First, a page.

Today in show business news: AMC makes an unsurprising decision about The Walking Dead's future, Homeland is chugging along in the ratings, and Steve McQueen is heading to television.
Ummmm, duh. AMC has renewed its wildly popular James Joyce exercise show The Walking Dead for a fifth season. Duhhh. Just this on repeat basically. Come on, of course AMC was going to renew The Walking Dead. Not only is it very popular, but Breaking Bad is over, Mad Men is on its way out, The Killing never really caught on, and who even knows what's going on with Hell On Wheels. If AMC doesn't have The Walking Dead they will soon be right back where they started. So yeah, it stays. It stays for a long time, I'd think. The real news here is that, amazingly, showrunner Scott Gimple is staying with the series! It feels like the showrunner gets killed off every season, but not this time. What a twist! This show really keeps you on your toes, doesn't it? Though, this probably means they're going to kill off a key grip or something. Sorry, Gary. [Entertainment Weekly]
Meanwhile on Showtime, Homeland is finding its sea legs after a wobbly beginning to the third season, and that's new steadiness is being reflected in the ratings. Sunday night's episode, the fifth of the season, brought in 2 million viewers in its initial broadcast, and 2.51 million over the whole night. That may seem like small potatoes, and it is in comparison to, say, The Walking Dead, but this is Showtime we're talking about, and a grim, moody psychological thriller about mental illness, geopolitics, and jazz. Two and a half million people in America watching that, on a premium channel, on a Sunday night? That's impressive. When you factor in DVR and On Demand and all that, nearly 7 million people are watching the show every week. Which is very good! The show's a hit, is the point. Despite all the crying and saxophone music, the show is a hit. [Deadline]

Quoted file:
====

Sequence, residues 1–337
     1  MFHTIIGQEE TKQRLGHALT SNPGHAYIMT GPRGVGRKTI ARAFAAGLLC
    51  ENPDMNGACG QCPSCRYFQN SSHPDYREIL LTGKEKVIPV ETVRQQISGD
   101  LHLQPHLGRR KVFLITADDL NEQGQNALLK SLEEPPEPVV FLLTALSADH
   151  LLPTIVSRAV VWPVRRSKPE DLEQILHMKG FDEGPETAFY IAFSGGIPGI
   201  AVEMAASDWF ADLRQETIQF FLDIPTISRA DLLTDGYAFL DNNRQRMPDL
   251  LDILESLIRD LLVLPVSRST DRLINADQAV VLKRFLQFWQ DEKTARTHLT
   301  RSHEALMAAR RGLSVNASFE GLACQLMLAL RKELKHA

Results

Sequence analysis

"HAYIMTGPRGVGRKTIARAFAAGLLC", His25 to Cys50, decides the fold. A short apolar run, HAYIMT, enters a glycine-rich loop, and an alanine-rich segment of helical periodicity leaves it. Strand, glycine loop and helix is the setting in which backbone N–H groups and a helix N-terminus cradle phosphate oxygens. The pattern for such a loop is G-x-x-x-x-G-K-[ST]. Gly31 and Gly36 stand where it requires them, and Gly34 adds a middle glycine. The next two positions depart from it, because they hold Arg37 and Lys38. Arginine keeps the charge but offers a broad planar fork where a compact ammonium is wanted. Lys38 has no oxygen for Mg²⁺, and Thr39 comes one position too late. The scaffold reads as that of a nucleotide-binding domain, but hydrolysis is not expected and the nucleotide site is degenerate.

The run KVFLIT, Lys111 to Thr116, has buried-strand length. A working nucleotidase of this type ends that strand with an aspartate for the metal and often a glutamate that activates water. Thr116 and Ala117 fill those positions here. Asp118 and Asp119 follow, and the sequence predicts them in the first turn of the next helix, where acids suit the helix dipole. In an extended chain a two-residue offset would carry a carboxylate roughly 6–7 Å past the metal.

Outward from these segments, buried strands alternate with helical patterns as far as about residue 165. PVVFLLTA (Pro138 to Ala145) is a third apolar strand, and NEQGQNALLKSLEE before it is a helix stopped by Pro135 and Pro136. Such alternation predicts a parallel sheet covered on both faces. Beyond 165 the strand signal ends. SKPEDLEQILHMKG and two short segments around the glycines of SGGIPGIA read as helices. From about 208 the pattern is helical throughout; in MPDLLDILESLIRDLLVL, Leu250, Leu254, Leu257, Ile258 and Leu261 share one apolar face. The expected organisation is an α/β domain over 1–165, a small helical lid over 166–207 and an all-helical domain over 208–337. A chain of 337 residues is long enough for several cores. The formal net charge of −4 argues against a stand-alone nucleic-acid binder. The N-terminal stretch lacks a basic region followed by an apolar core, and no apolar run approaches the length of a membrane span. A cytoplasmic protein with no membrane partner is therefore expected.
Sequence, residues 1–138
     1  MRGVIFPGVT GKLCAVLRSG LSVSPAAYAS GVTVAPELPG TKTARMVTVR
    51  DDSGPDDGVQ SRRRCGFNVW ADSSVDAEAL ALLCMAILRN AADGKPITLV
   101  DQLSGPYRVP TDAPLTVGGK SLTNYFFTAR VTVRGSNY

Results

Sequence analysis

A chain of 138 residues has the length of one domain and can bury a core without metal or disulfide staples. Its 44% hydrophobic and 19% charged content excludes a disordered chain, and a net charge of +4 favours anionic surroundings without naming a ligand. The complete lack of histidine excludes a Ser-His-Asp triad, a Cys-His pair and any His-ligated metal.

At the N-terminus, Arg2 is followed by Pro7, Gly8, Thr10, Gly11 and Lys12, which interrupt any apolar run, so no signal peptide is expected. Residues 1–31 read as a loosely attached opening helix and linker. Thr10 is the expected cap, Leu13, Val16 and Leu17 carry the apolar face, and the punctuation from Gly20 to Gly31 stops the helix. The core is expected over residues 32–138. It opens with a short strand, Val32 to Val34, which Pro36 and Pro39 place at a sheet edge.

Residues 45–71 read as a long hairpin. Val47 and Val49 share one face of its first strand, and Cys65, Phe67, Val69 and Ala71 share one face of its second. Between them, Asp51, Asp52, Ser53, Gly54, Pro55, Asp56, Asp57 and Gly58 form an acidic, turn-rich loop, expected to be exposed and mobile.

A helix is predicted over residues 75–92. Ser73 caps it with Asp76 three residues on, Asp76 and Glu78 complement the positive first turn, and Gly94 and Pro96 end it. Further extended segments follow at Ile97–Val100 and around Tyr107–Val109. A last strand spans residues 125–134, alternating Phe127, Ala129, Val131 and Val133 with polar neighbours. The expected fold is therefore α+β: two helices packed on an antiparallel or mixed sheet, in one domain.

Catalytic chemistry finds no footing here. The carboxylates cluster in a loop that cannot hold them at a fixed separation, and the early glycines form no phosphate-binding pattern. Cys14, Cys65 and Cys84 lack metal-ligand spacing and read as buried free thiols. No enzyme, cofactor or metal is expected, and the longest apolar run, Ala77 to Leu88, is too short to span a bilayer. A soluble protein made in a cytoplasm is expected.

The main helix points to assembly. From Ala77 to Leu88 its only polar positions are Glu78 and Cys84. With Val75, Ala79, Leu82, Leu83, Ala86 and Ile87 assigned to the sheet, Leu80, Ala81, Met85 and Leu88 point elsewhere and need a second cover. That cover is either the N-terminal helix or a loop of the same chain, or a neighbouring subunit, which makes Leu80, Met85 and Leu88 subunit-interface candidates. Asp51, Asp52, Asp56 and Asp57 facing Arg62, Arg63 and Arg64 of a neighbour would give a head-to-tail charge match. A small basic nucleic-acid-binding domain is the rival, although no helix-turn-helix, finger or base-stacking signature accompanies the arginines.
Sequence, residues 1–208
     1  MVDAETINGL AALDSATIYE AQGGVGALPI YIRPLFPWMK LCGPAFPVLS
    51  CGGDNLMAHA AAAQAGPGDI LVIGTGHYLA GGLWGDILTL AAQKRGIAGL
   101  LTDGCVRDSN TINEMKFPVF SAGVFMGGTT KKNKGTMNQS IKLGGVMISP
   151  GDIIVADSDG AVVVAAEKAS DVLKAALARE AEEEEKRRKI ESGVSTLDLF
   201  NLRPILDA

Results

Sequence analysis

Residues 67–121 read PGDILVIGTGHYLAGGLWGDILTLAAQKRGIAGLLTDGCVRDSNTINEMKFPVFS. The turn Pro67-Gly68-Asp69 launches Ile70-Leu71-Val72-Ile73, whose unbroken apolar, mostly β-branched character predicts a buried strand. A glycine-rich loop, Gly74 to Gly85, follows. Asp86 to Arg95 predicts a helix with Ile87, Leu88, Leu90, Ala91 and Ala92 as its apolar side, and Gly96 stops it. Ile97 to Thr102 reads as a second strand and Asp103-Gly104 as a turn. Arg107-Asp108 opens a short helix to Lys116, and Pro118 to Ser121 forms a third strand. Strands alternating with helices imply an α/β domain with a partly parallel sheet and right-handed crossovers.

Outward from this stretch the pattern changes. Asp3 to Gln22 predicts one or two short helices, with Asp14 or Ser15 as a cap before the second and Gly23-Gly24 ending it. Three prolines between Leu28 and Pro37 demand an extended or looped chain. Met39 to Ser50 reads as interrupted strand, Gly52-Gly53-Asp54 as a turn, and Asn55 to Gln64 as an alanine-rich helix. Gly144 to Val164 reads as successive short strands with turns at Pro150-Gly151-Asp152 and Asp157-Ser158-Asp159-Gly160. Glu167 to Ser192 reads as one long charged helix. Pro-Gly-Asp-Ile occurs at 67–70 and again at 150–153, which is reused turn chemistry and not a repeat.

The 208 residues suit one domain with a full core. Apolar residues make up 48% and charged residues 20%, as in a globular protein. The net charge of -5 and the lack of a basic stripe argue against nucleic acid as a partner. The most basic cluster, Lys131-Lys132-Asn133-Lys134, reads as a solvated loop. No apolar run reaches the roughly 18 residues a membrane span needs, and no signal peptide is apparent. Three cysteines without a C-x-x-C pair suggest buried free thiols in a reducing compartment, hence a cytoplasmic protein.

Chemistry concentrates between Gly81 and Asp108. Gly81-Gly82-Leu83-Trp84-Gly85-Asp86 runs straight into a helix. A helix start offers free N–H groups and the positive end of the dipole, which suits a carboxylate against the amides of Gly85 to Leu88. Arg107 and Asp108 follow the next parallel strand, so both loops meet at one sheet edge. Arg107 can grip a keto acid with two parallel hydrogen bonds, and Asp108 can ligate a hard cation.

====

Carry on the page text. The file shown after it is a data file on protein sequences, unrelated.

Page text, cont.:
12 Years a Slave director Steve McQueen is developing a drama series with HBO, working with writer Matthew Michael Carnahan (World War Z) on a series about "a young African-American man with a mysterious past as he experiences life in New York high society." That sounds interesting! Maybe it has some shades of Six Degrees of Separation? That could be quite something. Especially if the show somehow involves this scene. Because that is a very good scene. Do it, McQueen. [The Hollywood Reporter]
If Girls is renewed for a fourth season, which it most likely will be, Andrew Rannells will become a series regular. That's exciting, yes? His character, mean but fun Elijah, is one of the best on the show — and he's actually a fully realized person rather than just being a bitchy gay stereotype. Which is saying something, even in 2013. So, yes. Yes to this. Renew this show. [Deadline]
Mark Bomback, the guy who wrote The Wolverine, has been hired to do some touch-ups on the 50 Shades of Grey script, after playwright Patrick Marber did a pass. The Hollywood Reporter says of the hire, "The move is interesting as Bomback is clearly an action guy." Well, yeah. I mean, it's my understanding that 50 Shades is a lot of action, if you get my drift. Wink wink. Nudge nudge. Hubba hubba. Duhhhh. Oh, wait, no, duh was for the other thing. Anyway. Sex. The movie is about sex. [The Hollywood Reporter]
This article is from the archive of our partner The Wire.